The Maronites: Far-flung flock

The Maronite presence in Israel maintains its Lebanese character.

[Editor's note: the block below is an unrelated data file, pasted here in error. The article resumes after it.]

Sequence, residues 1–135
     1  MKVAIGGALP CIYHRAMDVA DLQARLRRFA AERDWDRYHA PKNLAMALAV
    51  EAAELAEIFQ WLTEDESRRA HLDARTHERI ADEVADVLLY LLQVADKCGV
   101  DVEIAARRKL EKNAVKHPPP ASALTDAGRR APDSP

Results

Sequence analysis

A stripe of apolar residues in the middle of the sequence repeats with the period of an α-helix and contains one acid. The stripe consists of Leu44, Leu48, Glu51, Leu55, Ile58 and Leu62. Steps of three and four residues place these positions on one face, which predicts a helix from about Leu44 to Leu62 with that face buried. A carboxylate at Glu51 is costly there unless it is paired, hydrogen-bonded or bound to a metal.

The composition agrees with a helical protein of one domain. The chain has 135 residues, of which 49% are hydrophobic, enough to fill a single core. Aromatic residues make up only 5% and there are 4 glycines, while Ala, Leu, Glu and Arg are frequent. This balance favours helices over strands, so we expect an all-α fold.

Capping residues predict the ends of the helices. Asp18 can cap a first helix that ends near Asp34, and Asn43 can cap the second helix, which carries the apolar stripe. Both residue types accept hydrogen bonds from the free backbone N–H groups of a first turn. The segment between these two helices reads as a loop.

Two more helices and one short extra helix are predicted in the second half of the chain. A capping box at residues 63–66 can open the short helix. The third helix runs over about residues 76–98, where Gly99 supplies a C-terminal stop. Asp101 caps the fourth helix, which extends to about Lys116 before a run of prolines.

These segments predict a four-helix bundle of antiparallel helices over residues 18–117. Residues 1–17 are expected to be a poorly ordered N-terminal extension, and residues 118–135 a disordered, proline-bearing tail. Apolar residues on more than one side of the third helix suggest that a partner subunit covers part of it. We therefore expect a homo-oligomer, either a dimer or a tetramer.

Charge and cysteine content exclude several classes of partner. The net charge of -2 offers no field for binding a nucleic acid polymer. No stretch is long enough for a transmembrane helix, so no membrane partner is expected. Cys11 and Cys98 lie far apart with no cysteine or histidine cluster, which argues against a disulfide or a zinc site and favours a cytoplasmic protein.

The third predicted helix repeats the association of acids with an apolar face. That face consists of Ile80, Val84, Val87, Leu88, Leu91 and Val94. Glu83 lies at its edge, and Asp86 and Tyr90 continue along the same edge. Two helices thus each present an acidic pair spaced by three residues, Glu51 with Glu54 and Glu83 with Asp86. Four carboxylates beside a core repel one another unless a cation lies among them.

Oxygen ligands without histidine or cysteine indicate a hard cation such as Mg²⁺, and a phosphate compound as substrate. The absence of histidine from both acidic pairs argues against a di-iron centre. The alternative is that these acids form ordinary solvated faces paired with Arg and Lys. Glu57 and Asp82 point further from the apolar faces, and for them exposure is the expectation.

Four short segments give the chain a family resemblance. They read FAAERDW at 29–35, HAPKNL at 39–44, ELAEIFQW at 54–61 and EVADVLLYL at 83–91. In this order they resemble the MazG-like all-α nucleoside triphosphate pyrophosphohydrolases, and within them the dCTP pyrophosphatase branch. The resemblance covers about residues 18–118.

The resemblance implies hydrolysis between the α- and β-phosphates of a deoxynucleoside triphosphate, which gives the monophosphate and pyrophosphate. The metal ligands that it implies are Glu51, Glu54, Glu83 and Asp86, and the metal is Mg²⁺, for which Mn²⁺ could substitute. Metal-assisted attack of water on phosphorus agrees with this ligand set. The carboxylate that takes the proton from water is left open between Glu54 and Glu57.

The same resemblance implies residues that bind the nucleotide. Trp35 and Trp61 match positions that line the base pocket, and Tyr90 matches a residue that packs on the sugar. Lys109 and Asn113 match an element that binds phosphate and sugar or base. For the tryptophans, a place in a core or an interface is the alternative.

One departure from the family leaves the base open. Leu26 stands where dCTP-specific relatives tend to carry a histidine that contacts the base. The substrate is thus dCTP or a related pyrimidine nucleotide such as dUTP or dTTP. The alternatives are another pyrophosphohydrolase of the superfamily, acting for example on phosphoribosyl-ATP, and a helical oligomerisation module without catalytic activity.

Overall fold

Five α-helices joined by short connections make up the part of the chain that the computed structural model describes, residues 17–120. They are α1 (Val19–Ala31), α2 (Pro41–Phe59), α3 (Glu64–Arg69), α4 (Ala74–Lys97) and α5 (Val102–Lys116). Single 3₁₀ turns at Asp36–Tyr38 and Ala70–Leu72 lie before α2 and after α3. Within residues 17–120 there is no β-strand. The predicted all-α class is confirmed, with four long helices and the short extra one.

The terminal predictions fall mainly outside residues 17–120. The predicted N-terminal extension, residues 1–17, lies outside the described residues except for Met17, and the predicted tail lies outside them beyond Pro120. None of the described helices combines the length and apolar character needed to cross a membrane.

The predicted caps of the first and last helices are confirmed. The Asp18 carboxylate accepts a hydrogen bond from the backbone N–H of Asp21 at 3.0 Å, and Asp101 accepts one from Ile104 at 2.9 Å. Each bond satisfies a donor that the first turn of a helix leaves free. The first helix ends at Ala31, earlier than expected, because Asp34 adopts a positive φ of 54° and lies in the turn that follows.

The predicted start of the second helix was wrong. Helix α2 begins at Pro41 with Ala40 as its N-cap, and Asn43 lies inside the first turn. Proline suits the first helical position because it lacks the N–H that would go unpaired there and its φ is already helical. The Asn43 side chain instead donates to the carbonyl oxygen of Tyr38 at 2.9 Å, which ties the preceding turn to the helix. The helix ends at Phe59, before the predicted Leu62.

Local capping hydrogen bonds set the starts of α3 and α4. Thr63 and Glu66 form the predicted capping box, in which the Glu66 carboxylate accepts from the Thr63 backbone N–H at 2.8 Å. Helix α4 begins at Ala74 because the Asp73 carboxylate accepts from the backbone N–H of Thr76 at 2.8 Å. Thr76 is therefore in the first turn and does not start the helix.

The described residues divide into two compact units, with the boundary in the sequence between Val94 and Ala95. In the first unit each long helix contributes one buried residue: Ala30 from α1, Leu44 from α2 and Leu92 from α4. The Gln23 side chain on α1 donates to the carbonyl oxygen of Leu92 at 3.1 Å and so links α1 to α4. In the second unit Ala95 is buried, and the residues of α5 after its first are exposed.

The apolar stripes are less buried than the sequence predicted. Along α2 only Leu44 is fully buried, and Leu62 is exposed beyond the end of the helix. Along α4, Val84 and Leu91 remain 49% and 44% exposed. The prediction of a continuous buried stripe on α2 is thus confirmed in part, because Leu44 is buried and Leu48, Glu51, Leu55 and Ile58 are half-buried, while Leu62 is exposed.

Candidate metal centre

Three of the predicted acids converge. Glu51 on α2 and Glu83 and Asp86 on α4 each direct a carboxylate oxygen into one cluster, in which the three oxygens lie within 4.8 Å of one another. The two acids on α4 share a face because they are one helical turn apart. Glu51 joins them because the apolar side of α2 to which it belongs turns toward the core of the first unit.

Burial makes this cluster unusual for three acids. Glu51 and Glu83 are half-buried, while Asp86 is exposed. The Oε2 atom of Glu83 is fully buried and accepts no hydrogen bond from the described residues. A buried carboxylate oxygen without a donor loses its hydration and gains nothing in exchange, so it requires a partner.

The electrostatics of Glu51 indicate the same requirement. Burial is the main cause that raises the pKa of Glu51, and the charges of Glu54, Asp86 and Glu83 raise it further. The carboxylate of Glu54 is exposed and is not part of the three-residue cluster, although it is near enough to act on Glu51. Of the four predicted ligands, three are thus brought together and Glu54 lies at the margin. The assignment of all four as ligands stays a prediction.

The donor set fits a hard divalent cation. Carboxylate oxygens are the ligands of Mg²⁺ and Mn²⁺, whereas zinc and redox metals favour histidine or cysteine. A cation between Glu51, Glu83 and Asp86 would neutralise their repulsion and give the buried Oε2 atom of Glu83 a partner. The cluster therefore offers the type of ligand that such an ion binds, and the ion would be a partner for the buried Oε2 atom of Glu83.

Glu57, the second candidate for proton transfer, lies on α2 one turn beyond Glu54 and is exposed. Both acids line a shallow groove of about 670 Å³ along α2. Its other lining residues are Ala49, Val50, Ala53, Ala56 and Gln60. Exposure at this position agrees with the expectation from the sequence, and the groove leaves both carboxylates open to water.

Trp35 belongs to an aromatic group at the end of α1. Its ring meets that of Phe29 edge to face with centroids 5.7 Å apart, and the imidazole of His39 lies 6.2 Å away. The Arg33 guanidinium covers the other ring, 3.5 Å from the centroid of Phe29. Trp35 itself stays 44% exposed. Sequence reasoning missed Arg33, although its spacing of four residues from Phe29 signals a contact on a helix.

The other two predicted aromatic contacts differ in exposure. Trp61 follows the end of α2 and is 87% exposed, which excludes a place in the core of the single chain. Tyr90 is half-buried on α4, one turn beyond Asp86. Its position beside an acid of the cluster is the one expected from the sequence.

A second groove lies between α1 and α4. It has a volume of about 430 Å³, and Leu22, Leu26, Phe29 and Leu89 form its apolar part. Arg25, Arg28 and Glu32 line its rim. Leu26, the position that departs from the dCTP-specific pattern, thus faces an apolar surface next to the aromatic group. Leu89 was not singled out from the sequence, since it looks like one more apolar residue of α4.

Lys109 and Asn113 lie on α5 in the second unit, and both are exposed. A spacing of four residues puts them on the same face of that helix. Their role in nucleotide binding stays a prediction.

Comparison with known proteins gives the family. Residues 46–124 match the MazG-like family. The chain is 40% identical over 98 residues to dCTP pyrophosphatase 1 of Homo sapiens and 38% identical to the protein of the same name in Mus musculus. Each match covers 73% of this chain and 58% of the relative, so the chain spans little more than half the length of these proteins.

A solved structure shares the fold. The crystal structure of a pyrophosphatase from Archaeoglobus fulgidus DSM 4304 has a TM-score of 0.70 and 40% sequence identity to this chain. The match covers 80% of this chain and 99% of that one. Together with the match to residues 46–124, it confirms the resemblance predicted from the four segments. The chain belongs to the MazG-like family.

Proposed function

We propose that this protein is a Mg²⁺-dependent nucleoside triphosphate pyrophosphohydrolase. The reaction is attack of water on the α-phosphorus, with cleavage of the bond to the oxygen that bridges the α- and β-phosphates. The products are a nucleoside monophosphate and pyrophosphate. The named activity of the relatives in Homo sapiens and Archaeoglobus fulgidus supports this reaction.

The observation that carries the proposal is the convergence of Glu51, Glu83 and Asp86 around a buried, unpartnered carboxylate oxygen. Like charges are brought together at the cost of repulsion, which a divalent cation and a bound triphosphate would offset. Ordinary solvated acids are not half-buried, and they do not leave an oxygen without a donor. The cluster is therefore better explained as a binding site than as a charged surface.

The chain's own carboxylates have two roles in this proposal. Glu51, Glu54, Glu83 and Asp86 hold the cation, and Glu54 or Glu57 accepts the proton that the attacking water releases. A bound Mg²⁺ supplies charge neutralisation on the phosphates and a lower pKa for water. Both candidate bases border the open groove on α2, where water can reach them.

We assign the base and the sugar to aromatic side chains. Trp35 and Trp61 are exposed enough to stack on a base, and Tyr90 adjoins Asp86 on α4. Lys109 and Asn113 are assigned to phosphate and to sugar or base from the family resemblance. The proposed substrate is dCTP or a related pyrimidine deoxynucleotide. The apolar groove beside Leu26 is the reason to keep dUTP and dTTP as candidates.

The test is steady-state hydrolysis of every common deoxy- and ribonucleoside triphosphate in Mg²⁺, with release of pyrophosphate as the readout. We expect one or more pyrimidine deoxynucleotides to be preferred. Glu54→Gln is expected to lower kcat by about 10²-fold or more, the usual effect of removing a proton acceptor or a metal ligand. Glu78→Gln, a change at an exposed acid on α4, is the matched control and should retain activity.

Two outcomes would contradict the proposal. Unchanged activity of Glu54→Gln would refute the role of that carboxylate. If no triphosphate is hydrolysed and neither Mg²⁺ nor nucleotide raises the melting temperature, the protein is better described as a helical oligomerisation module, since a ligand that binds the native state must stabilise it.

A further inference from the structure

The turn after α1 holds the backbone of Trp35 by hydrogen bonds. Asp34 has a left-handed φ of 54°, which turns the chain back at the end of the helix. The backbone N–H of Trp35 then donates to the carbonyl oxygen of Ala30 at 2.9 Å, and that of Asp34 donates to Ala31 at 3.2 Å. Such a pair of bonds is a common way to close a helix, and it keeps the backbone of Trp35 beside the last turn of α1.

Speaking in flawless English with a hint of a brogue, a legacy from his years as an undergraduate in Dublin, Archbishop Paul N. Sayah could be called a "jolly" prelate. Born in Ein al-Kharoub, Lebanon, Sayah also has degrees from the American University of Beirut and Boston College, where he earned a doctorate in clinical psychology. "I certainly need my psychology training in this job," he laughs. "I move all the time between Jordan, Palestine, Israel and Lebanon, so I have to speak different languages and relate to different cultures. I speak my mind, though I may do it diplomatically." In some circles, Sayah has a reputation for being outspoken. "I've been vocal on issues of dialogue and interfaith, and in the Palestinian-Israeli conflict here. But I speak from my church's point of view and as a Christian," he affirms. Not far from the Jaffa Gate, tucked away in the Armenian Quarter, is the Maronite Convent, which houses the archbishop's residence and a guest house, Foyer Mar Maroun. The building is maintained by the nuns of the order of St. Therese, who also administer church buildings and schools in Haifa and Galilee. Even within the tiny confines of the Old City, the Maronite convent is off the beaten path. The building, which served as a hospital for German Protestants in the 19th century, was purchased and restored by the Maronite Church. Inside is the chapel, the only Maronite place of worship in Jerusalem, decorated with paintings of Lebanese cedar trees and St. Maroun. The Maronites trace their founding to St. John Maroun, who died around 410 CE. A bell from Lebanon stands in the spacious courtyard. Maronites, one of the principal religious groups in Lebanon, are members of one of the Eastern Rites of the Catholic Church. The Maronite Church is the only eastern church which never separated from Rome. While it elects its own bishops, its ultimate authority is the pope. Instead of Latin, the language of the liturgy is Syriac, an ancient dialect of Aramaic. Paul Sayah's formal title is Archbishop of Haifa and the Holy Land, Exarch (Patriarchal Vicar) in Jerusalem, Jordan and the Palestinian Territory. While there are an estimated seven million Maronites worldwide, and some 800,000 remaining in Lebanon, Sayah's "flock" is relatively small, though geographically widespread. There are approximately 12,000 Maronite Christians throughout the entire area, of whom 9,000 are in Galilee and 1,000 in Jerusalem. There are Parish priests in each location, as well as nuns who have a key role in running the church's institutions. "We try to give women more of a role to play in the life of the church," says Sayah. There are a few Maronite families living in Jordan, who fled there from the Lebanese civil war. "It's been hard to reach these believers who were attending other churches, but now we are starting to gather them back in Amman. "There is a religious and traditional revival worldwide, with people looking for their roots, and this is true of descendents of Maronites as well," he says. "Most clergy who serve in the world were born in Lebanon, but now there are two American-born bishops in the US." MUCH OF the archbishop's time here is taken up with his responsibility for the members of the South Lebanese Army (SLA) and their families who live in Israel. The SLA was the Israeli-backed Christian militia which was disbanded in May 2000 when Israeli troops were withdrawn from Lebanon. Several thousand of its members sought refuge in Israel. Of the 7,500 former officers and their families, some 2,500 remain in Israel. "I have been involved from the beginning in trying to repatriate as many as possible, running back and forth between Israel and Lebanon." About 70 percent of the families are Christians, the majority of whom are Maronites. The others are Druse and Sunni and Shi'ite Muslims. "But I'm looking after them all," he says. "The Lebanese state is aware that these people were victims. "Many of them were sent to the south of Lebanon originally by the government, but then they were cut off because of the military situation and were told by the Lebanese to make do. That meant they had to come to Israel to earn a living, since they didn't have hospitals or work in the south." In general, he insists, the question of repatriation "has been handled in a reasonable way. The men continue getting their Lebanese compensation payments, the Hizbullah were not as nasty as had been expected, the Lebanese government has tried to find solutions, and the Israeli government did some good things for them here. If they leave they are given a bonus and compensation." There has been retribution for some SLA members who returned to Lebanon; some have had to serve short prison terms. "On the whole it hasn't been too bad. But when you've lost your home, no one can compensate for this." One major problem for those family members remaining in Israel is education for the children. For the first two years they were in Israel, Sayah helped to set up Arabic-language schools with a Lebanese-style curriculum. But funding for this has been discontinued and the children now all attend regular Israeli schools, mostly in Haifa and the north. Based in Lebanon for centuries, the Maronite Church has a specifically Lebanese national character. The Maronites were one of the main factions in the Lebanese Civil War, alongside the Sunnis (ideologically tied to the Palestinians and Syrians), Shi'ites and Druse. "The church has had a long-standing involvement in the life of the country," explains Sayah. "After the First World War, we were very involved in the negotiations for Lebanese independence from the French. Since the seventh century, the Maronites have had a kind of autonomy within the country. "This is in our genes: freedom, independence and autonomy is something we paid a very high price for and still are," he says. "When you take the present situation of the Syrians in Lebanon, for example, it's the Maronites who are pressing for them to leave. "The church has always been present in people's day-to-day lives," he continues. "Even today the monasteries in Lebanon exert an economic force; people look to them to see what prices to get for their crops." Ordained 38 years ago, Father Paul, as he likes to be called, says he is "first and foremost a pastor who is preaching the gospel. My mission is to be present for my people in the service of my people." At a sudden downpour during the interview, Sayah rushes out to the roof to bring in his jogging suit hanging on the clothes line. The rain clears almost as quickly as it had arrived, leaving behind a rainbow arching over the Mount of Olives. "Here we see the blessing of living in Jerusalem," exclaims the archbishop. One of Archbishop Sayah's most important concerns is the village of Bir'am in the Galilee, four kilometers south of the Lebanese border. Together with Ikrit, a similarly destroyed village nearby, Bir'am has long been a cause celebre. Before 1948, Bir'am was a small Maronite Christian village with a population of 1,050. On October 29, 1948, Israeli forces occupied the village as part of Israel's attempt to prevent infiltration from Lebanon into the newly established state. The villagers from Bir'am and Ikrit were evacuated with the promise they could return in days. Some were taken in by relatives and friends from Jish (known in Hebrew as Gush Halav) four kilometers from Bir'am. Others took shelter in the tobacco fields and olive groves, or in the caves near the vineyards. In 1949, Ben-Gurion issued a statement saying: "The government has no intention to deprive the residents of Bir'am of their land and their means of living" - but neither he nor any one else made any effort to enable them to return. Eventually the Israeli government would allow the villagers to restore their church and to bury their dead in the local cemetery, but not to return or re-build their homes. Today most of the villagers and their descendants live in Jish and Haifa. They have petitioned the High Court four times to be allowed to return, the last time being four years ago. Hearings were postponed seven times at the request of each of three successive governments, including the current one. Attorney Avigdor Feldman, who represents the petitioners, says that his clients have a court judgment from 1950 allowing them to return to their homes. The residents say they will not agree to any settlement other than to return to their land. Twice a year, local Maronite children are taken on heritage visits to the village, which, according to local tradition, dates back at least 400 years. Bir'am descendants also sponsor summer camps for the children, who sleep in the buildings and work to renovate and maintain the church. "They are told the story of the village to keep them aware of their tradition," explains Sayah. Last May, relates Archbishop Sayah, he ordained a priest in the church. While the lands that belonged to the village of Ikrit were distributed to neighboring communities, the bulk of the lands that belonged to Bir'am, were not. "No significant amount of Bir'am land has ever been sold, which is an important fact," says the Maronite Archbishop. "We've kept our hope alive for 55 years, and we will keep it up."